Due to the increasing use of carbon fibre reinforced plastics (CFRP) in aircraft structures a growing demand for repair concepts can be observed. Today’s repair concepts are mainly focused on the refurbishment of parts at the manufacturer’s site in order to reduce waste. Additionally, specialized service providers travel on call to repair parts that are already installed. The next step to be undertaken is transferring the actual repair from the manufacturer to the airline thus further reducing an aircraft’s down time.
In order to allow the repair of damaged CFRP-parts at an aircraft maintenance hangar it is necessary to provide a repair concept that employs standardized repair-patches. These patches combine the ability to restore structural integrity with ease-of-use. The quality of repair depends on the consistency of mechanical properties throughout the structure. Two factors play a key role in that: the contact-area between patch and part on one side and the patch lay-up sequence on the other. Using standardized repair patches it is not always possible to find a perfect match, neither in patch size nor in lay-up. Hence, the influence of different patch sizes, stiffness variations, surface treatments, and chamfer designs needs to be investigated. Simulation will be used to check on a variety of failure sizes and possible patch designs. Purposefully damaged parts will be produced and repaired with patches of standardized design. The success of repair will be evaluated through mechanical testing.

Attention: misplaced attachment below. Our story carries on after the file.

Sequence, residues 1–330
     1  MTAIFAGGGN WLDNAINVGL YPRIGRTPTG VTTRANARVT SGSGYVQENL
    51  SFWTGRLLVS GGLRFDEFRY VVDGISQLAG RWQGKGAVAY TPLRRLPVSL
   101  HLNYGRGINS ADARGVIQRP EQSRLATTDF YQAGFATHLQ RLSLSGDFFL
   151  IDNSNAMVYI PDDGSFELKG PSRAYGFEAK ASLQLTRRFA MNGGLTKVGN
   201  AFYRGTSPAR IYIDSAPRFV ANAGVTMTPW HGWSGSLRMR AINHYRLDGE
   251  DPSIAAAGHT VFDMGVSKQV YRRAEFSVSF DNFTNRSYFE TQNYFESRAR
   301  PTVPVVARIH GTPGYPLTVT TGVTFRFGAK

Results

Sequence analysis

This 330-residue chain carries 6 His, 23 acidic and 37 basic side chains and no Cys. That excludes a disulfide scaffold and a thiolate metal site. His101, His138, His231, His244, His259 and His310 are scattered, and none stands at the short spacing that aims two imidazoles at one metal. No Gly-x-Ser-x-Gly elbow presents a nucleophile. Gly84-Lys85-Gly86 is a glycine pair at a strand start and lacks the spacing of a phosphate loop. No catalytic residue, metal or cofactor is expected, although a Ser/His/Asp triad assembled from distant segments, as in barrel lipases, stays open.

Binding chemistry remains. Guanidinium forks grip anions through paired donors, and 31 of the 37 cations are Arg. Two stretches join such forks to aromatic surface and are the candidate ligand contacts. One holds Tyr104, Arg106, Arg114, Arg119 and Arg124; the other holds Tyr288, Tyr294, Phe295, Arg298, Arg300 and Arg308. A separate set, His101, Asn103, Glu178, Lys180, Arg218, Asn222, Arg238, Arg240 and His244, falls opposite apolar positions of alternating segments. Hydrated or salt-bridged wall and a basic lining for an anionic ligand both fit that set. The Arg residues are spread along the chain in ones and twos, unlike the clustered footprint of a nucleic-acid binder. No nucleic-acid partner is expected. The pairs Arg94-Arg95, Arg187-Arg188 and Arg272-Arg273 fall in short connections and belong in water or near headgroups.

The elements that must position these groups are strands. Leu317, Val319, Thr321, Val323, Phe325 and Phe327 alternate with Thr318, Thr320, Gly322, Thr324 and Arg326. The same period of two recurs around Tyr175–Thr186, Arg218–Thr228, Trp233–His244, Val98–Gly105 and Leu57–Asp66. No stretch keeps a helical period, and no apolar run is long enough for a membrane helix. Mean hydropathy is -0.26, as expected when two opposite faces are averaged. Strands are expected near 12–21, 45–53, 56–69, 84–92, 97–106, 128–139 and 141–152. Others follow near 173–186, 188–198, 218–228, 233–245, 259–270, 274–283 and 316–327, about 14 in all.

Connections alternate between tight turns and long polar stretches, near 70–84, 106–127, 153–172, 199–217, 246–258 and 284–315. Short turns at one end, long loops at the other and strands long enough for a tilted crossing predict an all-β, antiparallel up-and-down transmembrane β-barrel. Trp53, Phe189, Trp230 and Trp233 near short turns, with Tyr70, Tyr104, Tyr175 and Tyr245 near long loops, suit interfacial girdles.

Field of science
- /engineering and technology/materials engineering/composites/carbon fiber
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